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Why are obese Brazilians getting discounted tickets to the World Cup?

February 7, 2014
February 7, 2014

If you’re an obese citizen of Brazil, you can get a discounted ticket to a World Cup game—and a complimentary one for your companion. The construction of a number of double-wide seats in FIFA stadiums comes as no surprise. After all, around half of the adult population of Brazil is now classified as overweight, and over 15% are obese. But why are those with body mass indexes (BMI) of 30 or more getting cheaper passes to a coveted sporting event? Because Brazil puts obese individuals in the same category as the elderly and those in wheelchairs.

Often, one could argue, obese people aren’t shown enough consideration for their health and social needs: Nearly 70% of US adults are overweight, and over a third are obese, but a recent study of obese Americans found that more than half felt they’d faced discrimination and stigma because of their weight.

The most widely publicized issue for the obese is air travel. Most US airlines now call for large passengers to purchase two tickets to fly. European airplane maker Airbus recently designed a jet with coach seating to accommodate overweight passengers (with a slightly wider aisle seat and slightly narrower window seats), but airlines weren’t interested in offering the seats, even for additional fees. “Giving one customer a 20-inch seat at the cost of two other customers having their seat width reduced is not what we want,” a JetBlue spokesman told the Wall Street Journal.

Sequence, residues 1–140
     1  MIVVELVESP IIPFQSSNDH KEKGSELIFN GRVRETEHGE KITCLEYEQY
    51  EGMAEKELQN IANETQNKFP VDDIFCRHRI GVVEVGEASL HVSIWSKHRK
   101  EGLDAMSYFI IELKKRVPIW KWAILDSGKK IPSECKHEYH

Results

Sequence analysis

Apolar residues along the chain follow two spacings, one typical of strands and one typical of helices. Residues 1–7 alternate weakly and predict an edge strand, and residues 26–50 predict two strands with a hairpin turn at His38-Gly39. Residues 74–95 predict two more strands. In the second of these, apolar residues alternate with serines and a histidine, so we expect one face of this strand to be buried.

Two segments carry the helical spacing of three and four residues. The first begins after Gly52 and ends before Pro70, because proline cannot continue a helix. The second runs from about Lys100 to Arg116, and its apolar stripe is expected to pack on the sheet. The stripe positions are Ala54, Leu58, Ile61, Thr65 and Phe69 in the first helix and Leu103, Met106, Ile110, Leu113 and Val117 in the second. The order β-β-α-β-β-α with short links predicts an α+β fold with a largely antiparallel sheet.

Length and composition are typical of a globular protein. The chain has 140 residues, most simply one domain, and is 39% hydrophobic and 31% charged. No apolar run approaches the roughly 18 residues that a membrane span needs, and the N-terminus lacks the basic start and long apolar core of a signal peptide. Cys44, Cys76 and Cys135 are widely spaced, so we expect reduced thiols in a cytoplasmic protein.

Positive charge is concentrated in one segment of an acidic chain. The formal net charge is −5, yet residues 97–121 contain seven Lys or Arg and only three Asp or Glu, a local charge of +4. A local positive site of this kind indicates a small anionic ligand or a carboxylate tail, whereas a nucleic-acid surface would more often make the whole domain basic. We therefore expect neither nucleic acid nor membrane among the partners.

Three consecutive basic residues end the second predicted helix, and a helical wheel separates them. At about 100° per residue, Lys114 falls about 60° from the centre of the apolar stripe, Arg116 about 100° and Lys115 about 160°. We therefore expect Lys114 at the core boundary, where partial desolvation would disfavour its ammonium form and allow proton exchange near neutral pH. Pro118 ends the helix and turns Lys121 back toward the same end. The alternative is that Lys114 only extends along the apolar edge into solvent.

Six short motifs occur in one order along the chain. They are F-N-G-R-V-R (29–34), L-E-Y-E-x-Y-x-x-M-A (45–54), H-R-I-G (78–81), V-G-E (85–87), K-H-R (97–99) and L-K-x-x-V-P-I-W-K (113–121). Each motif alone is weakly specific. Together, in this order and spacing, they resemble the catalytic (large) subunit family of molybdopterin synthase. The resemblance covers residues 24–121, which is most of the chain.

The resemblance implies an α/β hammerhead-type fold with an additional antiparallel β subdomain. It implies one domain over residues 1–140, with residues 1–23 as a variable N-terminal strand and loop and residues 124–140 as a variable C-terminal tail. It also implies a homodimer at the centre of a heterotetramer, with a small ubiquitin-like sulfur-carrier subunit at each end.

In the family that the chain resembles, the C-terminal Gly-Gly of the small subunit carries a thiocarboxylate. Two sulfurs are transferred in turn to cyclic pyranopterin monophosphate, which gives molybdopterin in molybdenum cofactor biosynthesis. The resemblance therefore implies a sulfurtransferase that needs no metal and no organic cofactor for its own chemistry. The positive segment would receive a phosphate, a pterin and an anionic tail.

At the other end of the spectrum, Brazilian law considers obesity a disability, and includes it in the list of circumstances that warrant special access to tickets. The World Cup Bill requires that at least 1% of seats in every stadium are offered first to those with disabilities, and FIFA has complied by making sure that a certain number of those seats will accommodate the extra-wide. But while this law means obese soccer fans can get a price cut if they present proof of their BMI, the extra-wide seats represent only a small portion of those set aside for people with special needs. Of the 12 arenas built for the event, the only one to announce its extra-wide seat count built only 120 seats for obese spectators, less than 10% of its seats for the disabled.

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